On top of all this, there’s also the annual Engagement Survey, which is conducted simultaneously throughout all parts of the company. “The Engagement Survey gives us a tool for objectively measuring this topic. It shows us exactly how things stand, throughout our entire company,” says Peter.
Gaining insight with the Engagement Survey
Schouten & Nelissen has been conducting the Engagement Survey each year at Fellowmind since 2015. The questionnaire offers insights into the level of employee engagement throughout the company as a whole, as well as on the individual team level. It reveals what employees think about applying their talent, feeling challenged and finding meaning in their work. It also covers topics such as work stress, engaged leadership and personal resources.
How does the Engagement Survey add value? According to Peter, “It’s hard to keep track of everything that’s going on within your company, especially when you’re growing so fast. The survey gives us a better understanding. It shows us trends and developments, and helps us identify areas for improvement. You don’t always spot those things when you’re right in the middle of the action. The Engagement Survey gives us insights and alerts us to things that we wouldn’t have noticed otherwise.
“It’s important that you take the time to analyze and interpret the findings. Don’t simply use the survey to find out what you’re doing right. It actually provides an intrinsic motivation to improve the working environment.”
From insight to 10,000 steps a day
The most recent survey at Fellowmind revealed that vitality is a major focus for employees. “Physical and mental vitality will always be important, especially in this industry. That’s why we kicked off ‘Steptember’ last year. We sponsored our employees, so that they could raise money for cerebral palsy by walking 10,000 steps each day. It got a lot of people up on their feet, including myself,” says Peter with a laugh.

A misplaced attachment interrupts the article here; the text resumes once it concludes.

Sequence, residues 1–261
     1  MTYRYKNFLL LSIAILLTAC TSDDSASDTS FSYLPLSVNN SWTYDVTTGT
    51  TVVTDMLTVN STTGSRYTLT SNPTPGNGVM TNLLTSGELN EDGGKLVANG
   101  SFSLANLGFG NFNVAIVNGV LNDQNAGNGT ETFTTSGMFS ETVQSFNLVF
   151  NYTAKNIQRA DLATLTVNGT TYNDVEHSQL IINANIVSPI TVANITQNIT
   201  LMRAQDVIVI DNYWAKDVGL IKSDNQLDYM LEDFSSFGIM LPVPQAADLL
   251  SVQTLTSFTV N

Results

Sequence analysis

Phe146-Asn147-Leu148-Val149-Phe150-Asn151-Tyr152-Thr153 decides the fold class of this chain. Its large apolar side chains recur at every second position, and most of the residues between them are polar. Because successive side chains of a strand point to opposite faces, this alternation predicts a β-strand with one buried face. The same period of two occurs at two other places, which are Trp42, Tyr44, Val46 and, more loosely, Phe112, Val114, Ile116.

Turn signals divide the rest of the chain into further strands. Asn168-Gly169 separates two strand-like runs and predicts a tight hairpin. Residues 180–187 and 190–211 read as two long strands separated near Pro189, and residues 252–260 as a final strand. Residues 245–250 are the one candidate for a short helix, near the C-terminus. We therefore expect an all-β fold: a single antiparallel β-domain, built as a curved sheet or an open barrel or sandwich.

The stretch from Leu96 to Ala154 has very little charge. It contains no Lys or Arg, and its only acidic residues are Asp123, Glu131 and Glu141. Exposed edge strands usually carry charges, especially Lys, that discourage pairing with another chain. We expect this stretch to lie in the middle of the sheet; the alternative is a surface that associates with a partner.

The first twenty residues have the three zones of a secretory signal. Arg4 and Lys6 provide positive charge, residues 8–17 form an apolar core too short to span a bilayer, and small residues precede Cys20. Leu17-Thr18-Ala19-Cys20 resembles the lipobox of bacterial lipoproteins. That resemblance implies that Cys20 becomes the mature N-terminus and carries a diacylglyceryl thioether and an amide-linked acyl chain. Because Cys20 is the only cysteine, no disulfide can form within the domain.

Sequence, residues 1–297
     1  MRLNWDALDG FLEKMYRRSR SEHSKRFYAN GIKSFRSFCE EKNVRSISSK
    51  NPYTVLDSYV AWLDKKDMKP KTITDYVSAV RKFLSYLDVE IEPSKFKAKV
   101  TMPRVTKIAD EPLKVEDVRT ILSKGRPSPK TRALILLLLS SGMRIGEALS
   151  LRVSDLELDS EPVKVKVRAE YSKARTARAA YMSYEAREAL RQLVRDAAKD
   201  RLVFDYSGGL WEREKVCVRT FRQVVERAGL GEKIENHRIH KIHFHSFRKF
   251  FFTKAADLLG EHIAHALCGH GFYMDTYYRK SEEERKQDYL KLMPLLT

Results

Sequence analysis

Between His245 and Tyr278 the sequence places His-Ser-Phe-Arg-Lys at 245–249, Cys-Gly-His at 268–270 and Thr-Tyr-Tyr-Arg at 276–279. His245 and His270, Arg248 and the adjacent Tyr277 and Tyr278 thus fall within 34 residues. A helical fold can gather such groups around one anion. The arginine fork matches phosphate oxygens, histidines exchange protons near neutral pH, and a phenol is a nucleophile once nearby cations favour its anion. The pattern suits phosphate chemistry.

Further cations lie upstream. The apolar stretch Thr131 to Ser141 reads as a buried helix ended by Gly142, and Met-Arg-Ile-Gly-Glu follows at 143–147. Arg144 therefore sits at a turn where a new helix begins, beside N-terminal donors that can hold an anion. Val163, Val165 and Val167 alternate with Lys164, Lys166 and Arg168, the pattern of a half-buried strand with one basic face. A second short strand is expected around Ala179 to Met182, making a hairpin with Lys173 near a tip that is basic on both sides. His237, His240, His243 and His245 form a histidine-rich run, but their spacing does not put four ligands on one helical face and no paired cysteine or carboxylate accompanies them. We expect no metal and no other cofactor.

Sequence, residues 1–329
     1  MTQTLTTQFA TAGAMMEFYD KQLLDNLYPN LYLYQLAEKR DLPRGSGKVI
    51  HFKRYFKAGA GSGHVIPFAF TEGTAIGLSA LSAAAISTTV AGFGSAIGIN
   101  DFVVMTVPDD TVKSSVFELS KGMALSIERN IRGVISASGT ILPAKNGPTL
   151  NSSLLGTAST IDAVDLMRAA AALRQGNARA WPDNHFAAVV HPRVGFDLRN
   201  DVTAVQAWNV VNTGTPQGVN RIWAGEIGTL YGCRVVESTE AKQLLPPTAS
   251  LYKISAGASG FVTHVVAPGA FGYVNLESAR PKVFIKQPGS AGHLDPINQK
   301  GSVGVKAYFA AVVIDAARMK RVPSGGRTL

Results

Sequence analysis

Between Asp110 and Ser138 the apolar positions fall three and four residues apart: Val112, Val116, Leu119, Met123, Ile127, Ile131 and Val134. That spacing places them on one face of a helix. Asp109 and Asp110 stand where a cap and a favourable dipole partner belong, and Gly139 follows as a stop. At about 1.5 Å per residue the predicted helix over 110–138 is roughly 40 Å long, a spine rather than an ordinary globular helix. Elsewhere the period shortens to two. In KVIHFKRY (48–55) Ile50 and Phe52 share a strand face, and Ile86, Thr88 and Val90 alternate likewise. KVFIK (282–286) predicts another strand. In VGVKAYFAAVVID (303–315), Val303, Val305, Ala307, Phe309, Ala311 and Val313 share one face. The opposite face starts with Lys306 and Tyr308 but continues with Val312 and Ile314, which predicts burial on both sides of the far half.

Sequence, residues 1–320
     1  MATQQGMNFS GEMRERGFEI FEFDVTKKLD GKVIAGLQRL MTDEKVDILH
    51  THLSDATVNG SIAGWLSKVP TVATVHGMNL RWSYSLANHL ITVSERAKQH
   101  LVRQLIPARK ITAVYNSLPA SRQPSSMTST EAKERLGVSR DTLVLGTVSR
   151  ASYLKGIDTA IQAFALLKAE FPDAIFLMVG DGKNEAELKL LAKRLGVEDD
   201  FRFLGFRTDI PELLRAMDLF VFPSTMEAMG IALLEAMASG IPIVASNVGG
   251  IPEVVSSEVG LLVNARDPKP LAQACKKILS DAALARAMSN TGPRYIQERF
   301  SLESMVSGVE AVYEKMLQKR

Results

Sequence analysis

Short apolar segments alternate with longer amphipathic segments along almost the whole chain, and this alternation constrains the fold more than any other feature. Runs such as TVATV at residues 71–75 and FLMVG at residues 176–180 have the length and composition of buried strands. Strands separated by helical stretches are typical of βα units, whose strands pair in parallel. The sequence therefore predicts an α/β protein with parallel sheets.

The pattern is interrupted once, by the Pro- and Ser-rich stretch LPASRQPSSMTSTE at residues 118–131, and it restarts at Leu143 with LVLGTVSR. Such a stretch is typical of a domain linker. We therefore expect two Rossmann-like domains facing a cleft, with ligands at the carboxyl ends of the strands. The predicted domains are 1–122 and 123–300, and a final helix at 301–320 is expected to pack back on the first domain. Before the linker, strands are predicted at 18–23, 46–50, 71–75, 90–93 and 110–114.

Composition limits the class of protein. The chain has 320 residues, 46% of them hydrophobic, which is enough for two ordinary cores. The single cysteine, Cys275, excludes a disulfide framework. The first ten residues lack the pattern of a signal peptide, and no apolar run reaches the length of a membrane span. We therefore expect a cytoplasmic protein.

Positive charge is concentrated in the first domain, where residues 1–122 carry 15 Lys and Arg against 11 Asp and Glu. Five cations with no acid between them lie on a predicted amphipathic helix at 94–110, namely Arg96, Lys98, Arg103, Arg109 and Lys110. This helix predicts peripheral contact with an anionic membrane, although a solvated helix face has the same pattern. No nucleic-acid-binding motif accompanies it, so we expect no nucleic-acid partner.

Another major focus was meaningful work. “Our employees are finding it more and more important to give something back to society through their work. That’s especially true for our younger generation,” says Peter. He is proud that, despite the fast pace of Fellowmind’s growth, there has still been a clear improvement in many areas, including personal leadership. Yet, the company's management is also determined to learn from the survey’s findings, even when they are less positive. “We’ve seen less engagement and a more distant relationship to the job in some areas. That teaches us that we need to work harder to strengthen ties between people and the organization.”
The up-and-coming talents in the future leadership program have already started applying the findings of the Engagement Survey. They are working to improve vitality and help employees find more meaning in their work. The goal is to develop new solutions and a practical approach, so that Fellowmind employees stay engaged now and in the future.